January 27, 1862 “…But if you shall think best to repudiate our demand or any part of it, all right. We shall not make it up again in this world in any shape of any of you; but the said R.D. Sides and Jacob Rose shall be living and dying advertisements of God’s displeasure, in their persons, in their families, in their substances; and this demand of ours, remaining uncancelled, shall be to the people of Carson and Washoe Valleys as was the ark of God among the philistines. (See 1st Sam. Fifth chapter.) You shall be visited of the Lord of Hosts and thunder and with earthquakes and with floods, with pestilence and with famine until your names are not known amongst men.”—Orson Hyde.

Richard D. Sides came to Carson Valley, in what was then Utah Territory, in 1854. In December of that year he, along with L.B. Abernathy and James M. Baldwin, bought the Clear Creek Ranch at the base of Spooner Summit. Sarah Winnemucca, the Paiute author and educator, lived near Clear Creek for a time, and the partners were so close that in her book Life Among the Paiutes: Their Wrongs and Claims, she misidentified them as “three brothers, named Sides, with no families.” The following year the partners bought more ranchland in nearby Jack’s Valley; and, after the discovery of the Comstock Lode, they acquired a mining claim in Virginia City, naming it the Dick Sides.

Sometime after September 1857, when the Mormons were called to return en masse from the far West to Salt Lake, Sides entered into an agreement with Jacob Rose to lease a sawmill in Washoe Valley from the territory’s Mormon probate Judge Orson Hyde. While attempting to organize the district into a county, Hyde had built the mill and “made considerable improvements” on the adjoining lands. When he was forced to leave for Salt Lake Hyde had rented the properties, which he estimated to be worth $10,000, to Rose for an advance of “one span of small indifferent mules, an old worn-out harness, two yokes of oxen, and an old wagon.” Hearing that Sides was operating the mill, Hyde repeatedly sent bills to Rose and Sides over the course of many months. His efforts achieved no results. By 1862, with the discovery of the Comstock Lode, Hyde now valued the properties at $20,000. Doubting a favorable response and decrying the fact that they had “chuckled and gloried in taking the property of the Mormons,” he issued what came to be known as Orson Hyde’s curse.

In the mid-1850s violent animosity had developed in Carson Valley between settlers from California and the majority of the pioneers—Mormons from Utah. Hyde claimed that his efforts to establish the territory had been met with opposition “unceasingly made in almost every form both trivial and important, open and secret.” Sides was a leader of the anti-Mormons who, in differentiating themselves from the religious sect, referred to themselves as “Americans.” Sides was elected territory treasurer when Judge Hyde attempted to fill county offices in 1855. But, owing to the extreme divide in the electorate, no county revenues were collected and the government failed. In 1857, upon the Mormons departure, Sides served on a committee that again unsuccessfully attempted to form a territorial government.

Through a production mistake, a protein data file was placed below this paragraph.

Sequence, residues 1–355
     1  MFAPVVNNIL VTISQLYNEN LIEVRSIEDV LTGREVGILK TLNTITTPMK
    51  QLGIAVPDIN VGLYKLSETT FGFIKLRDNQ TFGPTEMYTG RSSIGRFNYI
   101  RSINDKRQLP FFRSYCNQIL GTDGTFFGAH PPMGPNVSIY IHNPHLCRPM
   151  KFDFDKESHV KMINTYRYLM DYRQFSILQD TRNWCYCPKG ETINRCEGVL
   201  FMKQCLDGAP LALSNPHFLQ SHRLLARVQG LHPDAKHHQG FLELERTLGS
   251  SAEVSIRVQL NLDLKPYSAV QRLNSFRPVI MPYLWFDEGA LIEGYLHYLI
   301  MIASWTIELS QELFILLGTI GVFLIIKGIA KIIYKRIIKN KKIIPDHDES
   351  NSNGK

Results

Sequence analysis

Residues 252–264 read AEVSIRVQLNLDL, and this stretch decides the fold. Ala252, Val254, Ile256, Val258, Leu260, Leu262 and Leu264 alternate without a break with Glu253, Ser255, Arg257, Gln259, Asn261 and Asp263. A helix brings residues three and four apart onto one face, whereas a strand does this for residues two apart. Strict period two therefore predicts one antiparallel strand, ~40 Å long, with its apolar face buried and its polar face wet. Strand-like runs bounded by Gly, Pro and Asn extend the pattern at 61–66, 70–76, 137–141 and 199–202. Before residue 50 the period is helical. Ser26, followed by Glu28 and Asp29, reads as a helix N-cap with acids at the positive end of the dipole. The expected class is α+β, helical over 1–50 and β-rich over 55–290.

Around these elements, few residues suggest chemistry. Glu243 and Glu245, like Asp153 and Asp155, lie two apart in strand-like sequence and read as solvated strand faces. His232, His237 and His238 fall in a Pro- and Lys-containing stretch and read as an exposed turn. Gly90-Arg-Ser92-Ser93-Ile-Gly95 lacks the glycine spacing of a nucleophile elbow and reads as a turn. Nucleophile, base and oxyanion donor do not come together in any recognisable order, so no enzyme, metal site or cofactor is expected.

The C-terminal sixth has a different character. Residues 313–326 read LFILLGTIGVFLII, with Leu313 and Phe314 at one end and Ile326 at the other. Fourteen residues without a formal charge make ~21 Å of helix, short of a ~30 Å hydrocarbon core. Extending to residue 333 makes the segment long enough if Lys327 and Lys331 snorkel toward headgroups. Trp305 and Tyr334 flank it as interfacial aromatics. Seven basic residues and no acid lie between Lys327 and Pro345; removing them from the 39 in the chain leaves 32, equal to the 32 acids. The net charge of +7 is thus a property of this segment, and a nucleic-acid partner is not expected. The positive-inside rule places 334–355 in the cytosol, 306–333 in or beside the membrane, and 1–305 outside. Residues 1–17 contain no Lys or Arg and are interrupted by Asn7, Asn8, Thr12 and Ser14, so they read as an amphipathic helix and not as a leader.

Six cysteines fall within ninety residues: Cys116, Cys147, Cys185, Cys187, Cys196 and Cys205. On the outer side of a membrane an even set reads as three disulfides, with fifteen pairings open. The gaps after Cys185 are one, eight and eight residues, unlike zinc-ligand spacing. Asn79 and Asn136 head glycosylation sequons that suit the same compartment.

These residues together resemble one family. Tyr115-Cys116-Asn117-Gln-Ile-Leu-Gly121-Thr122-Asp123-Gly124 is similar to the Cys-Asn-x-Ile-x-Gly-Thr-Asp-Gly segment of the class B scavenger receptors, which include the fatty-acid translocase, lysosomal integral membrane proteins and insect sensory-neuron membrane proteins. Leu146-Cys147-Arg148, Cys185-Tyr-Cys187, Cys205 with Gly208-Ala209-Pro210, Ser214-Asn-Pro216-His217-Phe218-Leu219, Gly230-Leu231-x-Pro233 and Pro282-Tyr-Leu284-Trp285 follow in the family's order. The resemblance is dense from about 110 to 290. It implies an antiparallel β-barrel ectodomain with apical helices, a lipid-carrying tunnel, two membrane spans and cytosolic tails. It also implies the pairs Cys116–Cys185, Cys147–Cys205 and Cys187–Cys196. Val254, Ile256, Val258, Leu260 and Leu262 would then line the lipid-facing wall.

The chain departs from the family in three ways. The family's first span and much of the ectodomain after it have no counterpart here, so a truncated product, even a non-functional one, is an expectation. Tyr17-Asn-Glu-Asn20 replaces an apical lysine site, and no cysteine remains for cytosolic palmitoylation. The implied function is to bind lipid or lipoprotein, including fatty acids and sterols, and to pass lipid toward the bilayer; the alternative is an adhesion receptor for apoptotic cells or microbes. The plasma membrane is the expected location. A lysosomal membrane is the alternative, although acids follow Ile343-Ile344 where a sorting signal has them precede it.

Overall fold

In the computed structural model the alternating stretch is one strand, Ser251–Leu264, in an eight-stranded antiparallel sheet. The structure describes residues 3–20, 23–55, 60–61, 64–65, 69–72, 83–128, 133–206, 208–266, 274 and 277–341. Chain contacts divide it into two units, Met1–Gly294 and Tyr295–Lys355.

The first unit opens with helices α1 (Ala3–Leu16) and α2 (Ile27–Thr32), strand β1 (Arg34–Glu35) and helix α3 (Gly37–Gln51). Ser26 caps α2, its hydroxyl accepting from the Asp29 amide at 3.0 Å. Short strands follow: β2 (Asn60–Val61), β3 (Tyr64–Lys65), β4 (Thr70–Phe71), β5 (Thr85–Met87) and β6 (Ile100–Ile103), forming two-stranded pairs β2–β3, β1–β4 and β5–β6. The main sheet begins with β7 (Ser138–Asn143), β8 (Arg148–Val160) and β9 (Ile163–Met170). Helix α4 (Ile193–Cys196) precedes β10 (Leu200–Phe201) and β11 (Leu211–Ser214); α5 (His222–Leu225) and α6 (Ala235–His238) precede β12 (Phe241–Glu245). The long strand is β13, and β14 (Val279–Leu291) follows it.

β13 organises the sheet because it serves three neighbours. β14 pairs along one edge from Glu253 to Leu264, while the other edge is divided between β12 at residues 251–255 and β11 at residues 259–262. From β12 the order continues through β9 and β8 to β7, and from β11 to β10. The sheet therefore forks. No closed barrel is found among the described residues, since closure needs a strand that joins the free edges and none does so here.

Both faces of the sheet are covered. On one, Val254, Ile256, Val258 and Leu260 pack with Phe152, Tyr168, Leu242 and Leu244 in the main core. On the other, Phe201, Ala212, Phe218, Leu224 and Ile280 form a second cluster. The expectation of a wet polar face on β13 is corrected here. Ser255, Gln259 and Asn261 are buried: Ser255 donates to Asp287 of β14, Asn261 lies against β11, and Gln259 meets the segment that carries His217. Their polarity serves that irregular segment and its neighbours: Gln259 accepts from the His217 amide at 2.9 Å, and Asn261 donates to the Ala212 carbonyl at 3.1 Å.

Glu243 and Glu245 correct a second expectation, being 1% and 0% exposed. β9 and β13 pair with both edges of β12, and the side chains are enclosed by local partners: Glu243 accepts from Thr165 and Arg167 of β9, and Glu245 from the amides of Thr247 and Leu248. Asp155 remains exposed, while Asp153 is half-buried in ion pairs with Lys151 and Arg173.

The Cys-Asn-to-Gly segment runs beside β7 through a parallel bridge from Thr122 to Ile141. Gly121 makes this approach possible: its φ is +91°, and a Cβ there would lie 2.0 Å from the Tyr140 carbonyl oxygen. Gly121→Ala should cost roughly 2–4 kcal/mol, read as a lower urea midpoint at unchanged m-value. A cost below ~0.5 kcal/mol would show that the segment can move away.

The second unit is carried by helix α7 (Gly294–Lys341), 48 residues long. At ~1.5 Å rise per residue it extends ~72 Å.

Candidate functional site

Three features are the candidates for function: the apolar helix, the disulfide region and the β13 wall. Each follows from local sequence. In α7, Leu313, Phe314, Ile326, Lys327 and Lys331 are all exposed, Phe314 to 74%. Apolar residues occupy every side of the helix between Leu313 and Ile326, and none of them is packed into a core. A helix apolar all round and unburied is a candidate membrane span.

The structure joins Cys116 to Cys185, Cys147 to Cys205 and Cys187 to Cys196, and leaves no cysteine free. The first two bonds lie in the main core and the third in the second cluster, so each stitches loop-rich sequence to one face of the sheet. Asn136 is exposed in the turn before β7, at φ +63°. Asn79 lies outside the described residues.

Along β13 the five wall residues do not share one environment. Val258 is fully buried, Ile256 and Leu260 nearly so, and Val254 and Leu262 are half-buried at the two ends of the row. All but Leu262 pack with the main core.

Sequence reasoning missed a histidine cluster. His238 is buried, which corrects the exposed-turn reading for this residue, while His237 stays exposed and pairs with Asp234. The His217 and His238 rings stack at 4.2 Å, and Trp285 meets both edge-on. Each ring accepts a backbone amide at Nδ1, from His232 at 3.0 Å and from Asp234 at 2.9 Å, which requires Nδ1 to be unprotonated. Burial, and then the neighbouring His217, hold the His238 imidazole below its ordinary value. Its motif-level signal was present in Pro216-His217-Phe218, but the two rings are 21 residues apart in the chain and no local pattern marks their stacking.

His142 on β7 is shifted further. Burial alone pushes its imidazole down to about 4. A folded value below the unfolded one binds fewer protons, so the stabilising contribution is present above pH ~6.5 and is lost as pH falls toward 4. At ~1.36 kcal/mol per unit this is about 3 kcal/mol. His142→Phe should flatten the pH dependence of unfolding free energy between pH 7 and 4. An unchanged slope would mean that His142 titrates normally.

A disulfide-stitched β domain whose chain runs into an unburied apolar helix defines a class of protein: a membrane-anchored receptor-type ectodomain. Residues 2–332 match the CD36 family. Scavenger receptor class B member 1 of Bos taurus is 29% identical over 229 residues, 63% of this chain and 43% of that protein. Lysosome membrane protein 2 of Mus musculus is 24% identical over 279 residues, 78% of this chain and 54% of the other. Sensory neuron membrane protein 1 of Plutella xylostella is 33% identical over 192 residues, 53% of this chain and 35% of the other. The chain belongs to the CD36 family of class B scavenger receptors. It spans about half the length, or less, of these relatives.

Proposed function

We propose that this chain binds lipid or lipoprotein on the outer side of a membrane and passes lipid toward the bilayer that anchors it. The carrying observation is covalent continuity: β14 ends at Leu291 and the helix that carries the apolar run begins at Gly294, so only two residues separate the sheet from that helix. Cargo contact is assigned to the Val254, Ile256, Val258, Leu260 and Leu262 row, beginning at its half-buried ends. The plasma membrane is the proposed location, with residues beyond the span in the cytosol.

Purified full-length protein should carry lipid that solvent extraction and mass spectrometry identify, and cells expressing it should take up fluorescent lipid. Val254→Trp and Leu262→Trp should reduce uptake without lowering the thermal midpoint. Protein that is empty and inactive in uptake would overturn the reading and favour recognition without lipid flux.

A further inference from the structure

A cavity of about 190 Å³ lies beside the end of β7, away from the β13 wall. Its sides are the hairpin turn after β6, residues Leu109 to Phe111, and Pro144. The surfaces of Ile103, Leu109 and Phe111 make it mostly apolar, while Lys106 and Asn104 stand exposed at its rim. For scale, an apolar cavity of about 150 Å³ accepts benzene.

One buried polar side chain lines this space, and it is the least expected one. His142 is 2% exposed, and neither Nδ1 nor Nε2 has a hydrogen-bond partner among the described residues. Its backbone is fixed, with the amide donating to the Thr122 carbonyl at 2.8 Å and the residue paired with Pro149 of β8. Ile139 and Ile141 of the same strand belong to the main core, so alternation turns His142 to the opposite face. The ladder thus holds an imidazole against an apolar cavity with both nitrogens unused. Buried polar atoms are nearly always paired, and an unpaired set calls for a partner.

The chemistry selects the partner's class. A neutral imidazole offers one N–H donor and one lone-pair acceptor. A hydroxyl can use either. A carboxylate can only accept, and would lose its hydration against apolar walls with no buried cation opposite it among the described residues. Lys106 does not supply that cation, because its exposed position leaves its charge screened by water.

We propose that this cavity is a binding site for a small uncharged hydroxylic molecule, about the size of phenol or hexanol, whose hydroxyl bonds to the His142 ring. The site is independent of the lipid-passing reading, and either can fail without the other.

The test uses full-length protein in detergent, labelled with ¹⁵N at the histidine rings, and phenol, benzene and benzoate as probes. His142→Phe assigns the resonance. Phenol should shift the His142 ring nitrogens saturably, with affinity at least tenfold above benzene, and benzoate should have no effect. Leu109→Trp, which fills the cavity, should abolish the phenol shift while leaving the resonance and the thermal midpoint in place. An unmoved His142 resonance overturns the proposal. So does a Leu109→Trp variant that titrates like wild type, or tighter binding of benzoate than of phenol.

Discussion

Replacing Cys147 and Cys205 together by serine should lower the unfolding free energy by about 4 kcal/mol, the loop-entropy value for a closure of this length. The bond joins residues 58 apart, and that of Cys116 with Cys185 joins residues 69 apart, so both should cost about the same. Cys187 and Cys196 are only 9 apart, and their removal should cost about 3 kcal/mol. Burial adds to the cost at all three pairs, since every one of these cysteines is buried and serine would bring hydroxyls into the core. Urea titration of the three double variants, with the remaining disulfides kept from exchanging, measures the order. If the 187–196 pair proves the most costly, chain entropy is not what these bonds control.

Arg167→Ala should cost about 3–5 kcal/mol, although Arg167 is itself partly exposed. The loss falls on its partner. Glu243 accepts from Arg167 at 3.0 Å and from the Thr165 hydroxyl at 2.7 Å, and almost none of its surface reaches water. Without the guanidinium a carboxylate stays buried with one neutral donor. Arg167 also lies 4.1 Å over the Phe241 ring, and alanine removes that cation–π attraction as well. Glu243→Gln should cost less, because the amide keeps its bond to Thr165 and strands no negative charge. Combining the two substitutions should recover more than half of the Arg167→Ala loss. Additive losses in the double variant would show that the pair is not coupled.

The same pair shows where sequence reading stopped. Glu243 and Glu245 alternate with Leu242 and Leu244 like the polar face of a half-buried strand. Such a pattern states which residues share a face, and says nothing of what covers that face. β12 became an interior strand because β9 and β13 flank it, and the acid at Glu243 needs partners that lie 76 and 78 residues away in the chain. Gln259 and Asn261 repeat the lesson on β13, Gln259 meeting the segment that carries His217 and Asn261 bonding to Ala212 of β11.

In spring 1858 Sides was involved in the controversial vigilante action that resulted in the hanging of an early Carson Valley settler, Lucky Bill Thorington. The hanging took place at Sides’ Clear Creek Ranch. Thorington had assisted a murderer named Edwards secure an escape after Edwards swore to him that he was innocent. Captured and admitting his guilt at the Clear Creek vigilante trial, Edwards testified that he had assured Thorington of his innocence. But the vigilantes, who had a history of heated quarrels with Thorington, condemned him as an accessory after the fact. Edwards was taken to Honey Lake, where the murder had occurred, for hanging, while Thorington was hanged from gallows constructed during the trial.

Although there was only one professed Mormon still living in Carson Valley, a third attempt to form a government failed because the Thorington hanging had divided the territory further. Thorington had supported the Mormons in opposition to the vigilante faction. The vigilantes termed those who disagreed with them, or those who sided with Thorington, Mormon sympathizers. In the election held in October 1858, four of six precincts were disallowed because of illegal voting. Of the dozen offices voted on, only two anti-Mormons were chosen: Sides as a selectman and his partner Abernathy as sheriff. Declared elected, the disputes caused the positions to be mere sinecures.

As to the curse on Sides, in his1913 The History of Nevada, Sam Davis reported, “And it is a curious instance of the accidental fulfillment of a portion of the curse, that in 1880, a flood caused by the breaking of a mountain dam, did wash out of existence the very site of the old mill, the town below it and covered the ranch that once belonged to Sides with such quantities of sand that it was rendered practically worthless.”

In fact, another affliction struck Sides with more immediacy. The Sides’ Comstock mining claim had been worked for years without producing a ton of ore. Finally abandoned, it was procured by James Flood to be mined by John Mackay and James Fair. It comprised nearly half of what came to be called the Con Virginia Mine, whose lower levels held the “Big Bonanza.” Richard Sides had lost the richest spot in the world.